Texas Attorney General Ken Paxton’s impeachment trial began Tuesday in the state Senate on 16 articles of impeachment relating to allegations of bribery, dereliction of duty and disregard of official duty.
He pleaded not guilty to all 16 counts on Tuesday morning. Paxton did not attend the afternoon session, which included the opening statements from both sides and testimony from the first witness, his former top aide Jeff Mateer. Mateer resigned in Oct. 2020 before publicly accusing Paxton of committing bribery, abuse of office and other crimes.
The GOP-controlled Texas Senate on Tuesday morning rejected all of Paxton’s motions to dismiss, although Lt. Gov. Dan Patrick, who is presiding over the trial, ruled he could not be compelled to testify.
Republicans hold a 19-12 majority in the state Senate, although Paxton’s wife, state Sen. Angela Paxton, is not allowed to vote. She is sitting for the trial, however, but will not be serving as a juror.
Paxton has been suspended from office since May, when he was impeached by the GOP-controlled Texas House of Representatives. If he is acquitted on all the counts against him, he will be reinstated.
If he is convicted by two-thirds of the Senate on any one of the 16 counts against him, he will be removed from office and could be barred from running for office again.
What is he accused of?
Ken Paxton has long faced questions about his relationship with real estate developer Nate Paul, who donated to Paxton’s campaign. Paul has since been indicted in an unrelated case.
Several aides in Paxton’s office came forward in 2020 alleging that Paxton influenced employees to get involved in legal disputes that would benefit Paul and his business. In return, they alleged, Paul provided extensive home renovations for Paxton — and also employed a woman with whom Paxton was allegedly having an affair.
The second motion asked senators to exclude evidence from before January, when Paxton’s current four-year term began. That motion struck at the heart of one of Paxton’s main arguments — that he cannot be impeached for any actions allegedly taken before he was reelected last year. Paxton’s defenders have repeatedly cited the so-called forgiveness doctrine to criticize the House impeachment as illegal.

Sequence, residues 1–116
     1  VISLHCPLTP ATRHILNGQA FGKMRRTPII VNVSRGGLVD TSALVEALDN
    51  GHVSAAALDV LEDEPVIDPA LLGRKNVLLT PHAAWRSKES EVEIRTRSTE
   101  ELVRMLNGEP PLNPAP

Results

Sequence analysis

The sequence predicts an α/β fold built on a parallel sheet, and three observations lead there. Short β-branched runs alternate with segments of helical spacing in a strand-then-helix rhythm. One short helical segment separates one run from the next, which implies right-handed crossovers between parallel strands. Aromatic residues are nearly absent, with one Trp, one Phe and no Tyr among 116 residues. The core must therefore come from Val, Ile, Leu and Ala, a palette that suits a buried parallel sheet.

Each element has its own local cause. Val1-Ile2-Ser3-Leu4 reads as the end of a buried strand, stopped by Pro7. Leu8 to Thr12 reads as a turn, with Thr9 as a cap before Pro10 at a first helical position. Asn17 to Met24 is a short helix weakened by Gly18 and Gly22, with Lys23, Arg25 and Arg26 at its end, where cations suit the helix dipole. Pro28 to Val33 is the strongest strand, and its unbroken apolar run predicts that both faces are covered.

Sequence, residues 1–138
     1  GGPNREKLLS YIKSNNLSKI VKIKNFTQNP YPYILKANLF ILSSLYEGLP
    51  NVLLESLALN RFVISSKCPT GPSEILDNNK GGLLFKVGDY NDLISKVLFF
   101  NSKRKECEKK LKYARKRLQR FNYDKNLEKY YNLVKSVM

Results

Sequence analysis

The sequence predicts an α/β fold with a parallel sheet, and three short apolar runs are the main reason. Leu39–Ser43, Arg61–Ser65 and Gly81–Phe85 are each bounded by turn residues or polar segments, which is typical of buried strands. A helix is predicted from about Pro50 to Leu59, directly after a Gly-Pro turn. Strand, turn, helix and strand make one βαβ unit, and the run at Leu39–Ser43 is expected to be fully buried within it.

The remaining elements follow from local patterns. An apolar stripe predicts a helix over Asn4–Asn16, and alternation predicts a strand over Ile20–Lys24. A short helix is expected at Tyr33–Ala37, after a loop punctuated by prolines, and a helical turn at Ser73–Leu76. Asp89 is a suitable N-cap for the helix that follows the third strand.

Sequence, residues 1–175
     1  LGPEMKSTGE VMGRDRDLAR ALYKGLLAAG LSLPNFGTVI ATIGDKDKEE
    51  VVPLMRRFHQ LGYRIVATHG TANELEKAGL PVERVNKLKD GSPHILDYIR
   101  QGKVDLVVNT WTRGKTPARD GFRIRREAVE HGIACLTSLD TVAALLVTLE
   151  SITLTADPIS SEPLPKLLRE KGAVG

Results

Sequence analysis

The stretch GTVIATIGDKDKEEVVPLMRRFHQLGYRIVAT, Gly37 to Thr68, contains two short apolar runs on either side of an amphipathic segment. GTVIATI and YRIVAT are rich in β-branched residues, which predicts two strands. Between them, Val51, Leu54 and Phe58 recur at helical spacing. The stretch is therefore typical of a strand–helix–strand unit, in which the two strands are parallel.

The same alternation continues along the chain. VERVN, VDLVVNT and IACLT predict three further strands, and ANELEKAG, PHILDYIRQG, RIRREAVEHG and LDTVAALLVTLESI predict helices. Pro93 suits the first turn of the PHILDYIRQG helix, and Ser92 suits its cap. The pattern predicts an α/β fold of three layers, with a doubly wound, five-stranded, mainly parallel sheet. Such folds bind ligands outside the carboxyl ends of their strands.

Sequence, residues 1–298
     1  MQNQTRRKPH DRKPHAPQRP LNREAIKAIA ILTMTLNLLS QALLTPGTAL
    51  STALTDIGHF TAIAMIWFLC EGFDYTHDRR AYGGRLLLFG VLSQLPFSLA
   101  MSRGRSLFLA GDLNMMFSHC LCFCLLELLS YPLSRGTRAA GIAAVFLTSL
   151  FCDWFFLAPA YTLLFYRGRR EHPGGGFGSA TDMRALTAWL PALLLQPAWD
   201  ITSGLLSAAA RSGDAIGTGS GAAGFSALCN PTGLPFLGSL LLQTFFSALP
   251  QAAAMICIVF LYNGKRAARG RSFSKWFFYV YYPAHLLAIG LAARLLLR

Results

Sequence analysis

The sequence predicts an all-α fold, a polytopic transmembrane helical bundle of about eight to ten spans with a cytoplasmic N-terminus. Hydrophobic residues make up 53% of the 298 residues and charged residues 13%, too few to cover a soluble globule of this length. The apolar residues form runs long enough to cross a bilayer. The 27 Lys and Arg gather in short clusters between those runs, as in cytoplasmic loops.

The House impeached Paxton in May, alleging a yearslong pattern of lawbreaking and misconduct. He was immediately suspended from his job, and the Senate trial, which started at 9 a.m. Tuesday, will determine whether he is permanently removed from office.
There were two dozen pretrial motions. A simple majority was required to approve 16 of them because they sought to dismissal all or some of the articles of impeachment. The presiding officer, Lt. Gov. Dan Patrick, was allowed to rule on the other motions unilaterally.
Notably, Patrick granted Paxton’s motion that prevents the suspended attorney general from being forced to testify in the trial. The House impeachment managers had opposed the motion, arguing that if Paxton wanted to avoid self-incrimination, he could take advantage of his Fifth Amendment right from the witness stand.
As the Senate proceeds to a trial, a two-thirds vote is required to convict Paxton. That means that if all 12 Democrats vote to convict, half the remaining 18 Republican with a vote would have to join them. Paxton’s wife, Sen. Angela Paxton, is disqualified from voting but allowed to attend the trial.
Trial deliberations are private, so the process of voting on the pretrial motions followed a dry routine Tuesday morning. Senators submitted their votes in writing, the Senate secretary announced each senators’ votes from the front mic, reading them off in random order, and Patrick verified each vote from the dais.
The motion to dismiss that got the most support — 10 votes‚ sought to individually dismiss Article 8. That article accuses Paxton of disregarding his official duties by pursuing a taxpayer-funded settlement with former top staffers who reported concerns about his relationship with Paul to the FBI in 2020.
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